CHARLESTON – West Virginia legislators cannot overturn a Supreme Court of Appeals decision requiring search warrants before police send "wired" informants into homes, according to Justice Brent Benjamin.
In dissent from a Feb. 28 decision in State v. Mullens, Benjamin wrote that by deciding the case on constitutional grounds the majority prevented the Legislature from making the policy decision on behalf of the people.
"Does our Constitution authorize us to announce this anomalous rule and, by styling it a constitutional decree, to put it beyond the reach of the ordinary processes of representative government?" Benjamin wrote. "I fear my colleagues misapprehend the shallow depth of the jurisprudential ice upon which they now so boldly tread."
He wrote that Florida voters amended their constitution after their Supreme Court reached a similar decision.
In the majority opinion, Chief Justice Robin Davis and Justices Joseph Albright and Larry Starcher agreed that police must obtain a warrant before sending an informant into a home with recording devices. They ruled that police could not introduce as evidence against Mullens a tape of an alleged drug transaction in his home.
Police in most states wire informants without warrants under a 1974 U. S. Supreme Court decision in U. S. v. White, but the majority held that they did not have to follow White.
Davis wrote that the West Virginia Constitution can provide greater protection than the U. S. Constitution.
Police in West Virginia also relied on State v. Thompson, a 1986 decision of the Supreme Court of Appeals, but the majority discarded that decision.
Justice Spike Maynard wrote a short dissent Feb. 28. Benjamin spent weeks on his dissent, which filled 30 pages.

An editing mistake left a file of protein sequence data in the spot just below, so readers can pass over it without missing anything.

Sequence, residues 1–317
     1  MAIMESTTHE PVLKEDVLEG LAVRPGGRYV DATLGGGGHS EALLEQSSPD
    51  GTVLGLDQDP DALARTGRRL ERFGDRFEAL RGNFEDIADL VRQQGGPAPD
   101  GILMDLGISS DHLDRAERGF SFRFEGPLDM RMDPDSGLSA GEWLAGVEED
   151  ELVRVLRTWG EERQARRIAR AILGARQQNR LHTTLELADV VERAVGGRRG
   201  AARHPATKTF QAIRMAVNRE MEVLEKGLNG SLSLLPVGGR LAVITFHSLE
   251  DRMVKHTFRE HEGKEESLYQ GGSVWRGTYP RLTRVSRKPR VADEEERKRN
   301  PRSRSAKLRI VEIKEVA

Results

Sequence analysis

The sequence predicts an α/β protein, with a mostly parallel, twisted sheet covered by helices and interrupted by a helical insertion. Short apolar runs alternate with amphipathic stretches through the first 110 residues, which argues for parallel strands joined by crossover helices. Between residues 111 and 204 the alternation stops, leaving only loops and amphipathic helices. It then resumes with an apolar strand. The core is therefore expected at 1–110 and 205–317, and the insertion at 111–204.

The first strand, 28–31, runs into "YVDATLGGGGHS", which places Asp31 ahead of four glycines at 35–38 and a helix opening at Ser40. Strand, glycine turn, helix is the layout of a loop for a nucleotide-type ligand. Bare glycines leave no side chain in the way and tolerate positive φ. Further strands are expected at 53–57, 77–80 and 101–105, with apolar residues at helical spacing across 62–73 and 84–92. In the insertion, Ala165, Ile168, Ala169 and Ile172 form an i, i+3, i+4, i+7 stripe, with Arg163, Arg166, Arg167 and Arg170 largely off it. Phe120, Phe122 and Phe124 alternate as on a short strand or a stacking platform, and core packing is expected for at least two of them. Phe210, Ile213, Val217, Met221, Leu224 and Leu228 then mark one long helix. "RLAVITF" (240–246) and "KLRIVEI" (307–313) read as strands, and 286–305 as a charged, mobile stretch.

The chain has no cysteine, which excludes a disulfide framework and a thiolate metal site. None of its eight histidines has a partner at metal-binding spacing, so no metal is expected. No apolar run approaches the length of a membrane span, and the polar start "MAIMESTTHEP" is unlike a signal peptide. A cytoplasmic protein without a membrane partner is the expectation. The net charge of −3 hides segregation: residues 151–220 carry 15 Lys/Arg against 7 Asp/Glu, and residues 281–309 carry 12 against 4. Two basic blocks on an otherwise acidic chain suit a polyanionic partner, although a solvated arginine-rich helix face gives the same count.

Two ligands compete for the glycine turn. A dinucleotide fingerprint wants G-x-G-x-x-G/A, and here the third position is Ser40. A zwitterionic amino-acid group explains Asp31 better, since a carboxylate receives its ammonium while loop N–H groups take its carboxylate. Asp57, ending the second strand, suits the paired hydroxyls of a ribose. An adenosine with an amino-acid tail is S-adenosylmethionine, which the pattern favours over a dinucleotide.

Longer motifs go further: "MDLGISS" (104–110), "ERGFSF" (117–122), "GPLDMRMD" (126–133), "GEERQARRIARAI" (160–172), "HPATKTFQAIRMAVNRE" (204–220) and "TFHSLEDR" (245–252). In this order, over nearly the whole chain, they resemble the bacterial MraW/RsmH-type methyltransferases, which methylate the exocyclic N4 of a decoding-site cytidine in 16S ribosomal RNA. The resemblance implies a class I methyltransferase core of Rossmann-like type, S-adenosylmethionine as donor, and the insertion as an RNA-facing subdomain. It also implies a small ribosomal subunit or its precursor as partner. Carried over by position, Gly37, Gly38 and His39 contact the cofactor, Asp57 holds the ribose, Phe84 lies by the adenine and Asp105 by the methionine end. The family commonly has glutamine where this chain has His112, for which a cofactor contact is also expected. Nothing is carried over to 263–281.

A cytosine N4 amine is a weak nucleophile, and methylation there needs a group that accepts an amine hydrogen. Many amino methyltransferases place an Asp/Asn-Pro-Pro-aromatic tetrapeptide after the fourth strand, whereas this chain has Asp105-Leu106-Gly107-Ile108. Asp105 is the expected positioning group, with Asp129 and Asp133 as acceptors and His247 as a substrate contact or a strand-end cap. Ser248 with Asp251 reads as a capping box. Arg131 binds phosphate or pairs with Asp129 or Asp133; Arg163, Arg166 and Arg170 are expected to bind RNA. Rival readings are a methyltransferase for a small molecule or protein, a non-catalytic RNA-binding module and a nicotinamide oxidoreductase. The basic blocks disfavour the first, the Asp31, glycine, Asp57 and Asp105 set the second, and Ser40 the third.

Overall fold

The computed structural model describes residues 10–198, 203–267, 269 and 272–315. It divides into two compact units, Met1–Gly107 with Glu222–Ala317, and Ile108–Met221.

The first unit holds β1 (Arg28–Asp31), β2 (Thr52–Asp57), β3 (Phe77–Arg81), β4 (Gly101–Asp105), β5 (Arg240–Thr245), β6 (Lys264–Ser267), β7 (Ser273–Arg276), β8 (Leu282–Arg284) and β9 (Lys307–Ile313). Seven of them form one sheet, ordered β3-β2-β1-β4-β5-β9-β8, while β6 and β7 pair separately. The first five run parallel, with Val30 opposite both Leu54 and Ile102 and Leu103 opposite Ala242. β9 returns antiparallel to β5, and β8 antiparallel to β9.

The majority "simply ignored, or avoided reference to, the overwhelming mountain of legal reasoning and authority that shatters any semblance of an acceptable legal basis for the majority's result," Benjamin wrote, adding that they used provocative, misleading and inaccurate wording.
He called their judgment reactive, incoherent and confusing, and he said they arbitrarily overturned impeccably reasoned decisions.
"There was no intrusion, no force and no compulsion," Benjamin worte. "The electronics simply recorded what the informant was seeing and hearing."
He agreed that the state Constitution can provide greater protection than the U. S. Constitution, but he wrote that the majority picked an unworthy case on which to make that point. He said provisions in the two Constitutions on searches and seizures match word for word, except where one uses "and" and the other uses "or."
The difference, Benjamin wrote, gives more strength to the U. S. Constitution. He noted that the Supreme Court of Appeals ruled in 1922 that it should construe the state's provision in harmony with the U. S. Supreme Court.
He wrote that there was no search or seizure by technology. He wrote, "Any 'search' or 'seizure' was accomplished by the State's informant" and that the majority misplaced its emphasis on the home as the location of the drug sale.
"The proper analysis is upon whether Mullens had a legitimate or reasonable expectation of privacy in the illegal transaction," Benjamin wrote.
He referenced a 1966 decision, Lewis v. U. S., in which the U. S. Supreme Court held that unlawful business in a home entitles the business to no greater sanctity than if it were carried on in a store or on a street.
"Mullens lowered the expectation of privacy which may ordinarily be afforded to that location by transforming it from a home to a place of business and inviting outsiders in to conduct business," Benjamin wrote. He noted that while the majority cited three decisions from other states, no other jurisdiction had relied on any of them.
"As these decisions are contrary to this Court's precedent, the law in the vast majority of states and federal law, I simply do not find them persuasive enough," Benjamin wrote.
He wrote that under the West Virginia wiretapping act, only State Police can seek a warrant and only five judges can authorize it.
"Given the limited ability to obtain the warrant required by the majority under the Act, I fear this Court has sent the message to drug dealers throughout this state to simply go into your house, call it your home, conduct your illegal business there and law enforcement may not be able to easily stop you," he wrote.
Benjamin also disputed a statement in the majority opinion that the decision was not retroactive.
"Due to the substantive nature of the constitutional right found by the majority in this matter, I cannot agree with their statement that the majority's holding does not apply retroactively," he wrote. "It does."